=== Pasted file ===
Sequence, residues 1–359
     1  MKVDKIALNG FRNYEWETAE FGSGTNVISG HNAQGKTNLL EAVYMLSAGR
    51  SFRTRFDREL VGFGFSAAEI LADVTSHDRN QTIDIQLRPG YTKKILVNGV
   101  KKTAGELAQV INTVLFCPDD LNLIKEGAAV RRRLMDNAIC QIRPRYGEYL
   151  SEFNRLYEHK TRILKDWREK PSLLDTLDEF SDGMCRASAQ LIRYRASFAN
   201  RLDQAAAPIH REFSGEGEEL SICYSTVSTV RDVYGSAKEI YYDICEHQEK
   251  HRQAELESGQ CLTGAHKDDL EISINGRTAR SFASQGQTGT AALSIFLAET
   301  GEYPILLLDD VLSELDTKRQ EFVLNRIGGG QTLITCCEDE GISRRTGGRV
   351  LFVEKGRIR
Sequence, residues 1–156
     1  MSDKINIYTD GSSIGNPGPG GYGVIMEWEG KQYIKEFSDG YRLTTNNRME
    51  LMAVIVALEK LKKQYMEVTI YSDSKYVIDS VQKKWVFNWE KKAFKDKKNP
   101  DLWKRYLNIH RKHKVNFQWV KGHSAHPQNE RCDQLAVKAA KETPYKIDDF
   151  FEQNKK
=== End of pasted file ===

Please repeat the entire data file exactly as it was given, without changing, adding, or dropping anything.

Sequence, residues 1–359
     1  MKVDKIALNG FRNYEWETAE FGSGTNVISG HNAQGKTNLL EAVYMLSAGR
    51  SFRTRFDREL VGFGFSAAEI LADVTSHDRN QTIDIQLRPG YTKKILVNGV
   101  KKTAGELAQV INTVLFCPDD LNLIKEGAAV RRRLMDNAIC QIRPRYGEYL
   151  SEFNRLYEHK TRILKDWREK PSLLDTLDEF SDGMCRASAQ LIRYRASFAN
   201  RLDQAAAPIH REFSGEGEEL SICYSTVSTV RDVYGSAKEI YYDICEHQEK
   251  HRQAELESGQ CLTGAHKDDL EISINGRTAR SFASQGQTGT AALSIFLAET
   301  GEYPILLLDD VLSELDTKRQ EFVLNRIGGG QTLITCCEDE GISRRTGGRV
   351  LFVEKGRIR
Sequence, residues 1–156
     1  MSDKINIYTD GSSIGNPGPG GYGVIMEWEG KQYIKEFSDG YRLTTNNRME
    51  LMAVIVALEK LKKQYMEVTI YSDSKYVIDS VQKKWVFNWE KKAFKDKKNP
   101  DLWKRYLNIH RKHKVNFQWV KGHSAHPQNE RCDQLAVKAA KETPYKIDDF
   151  FEQNKK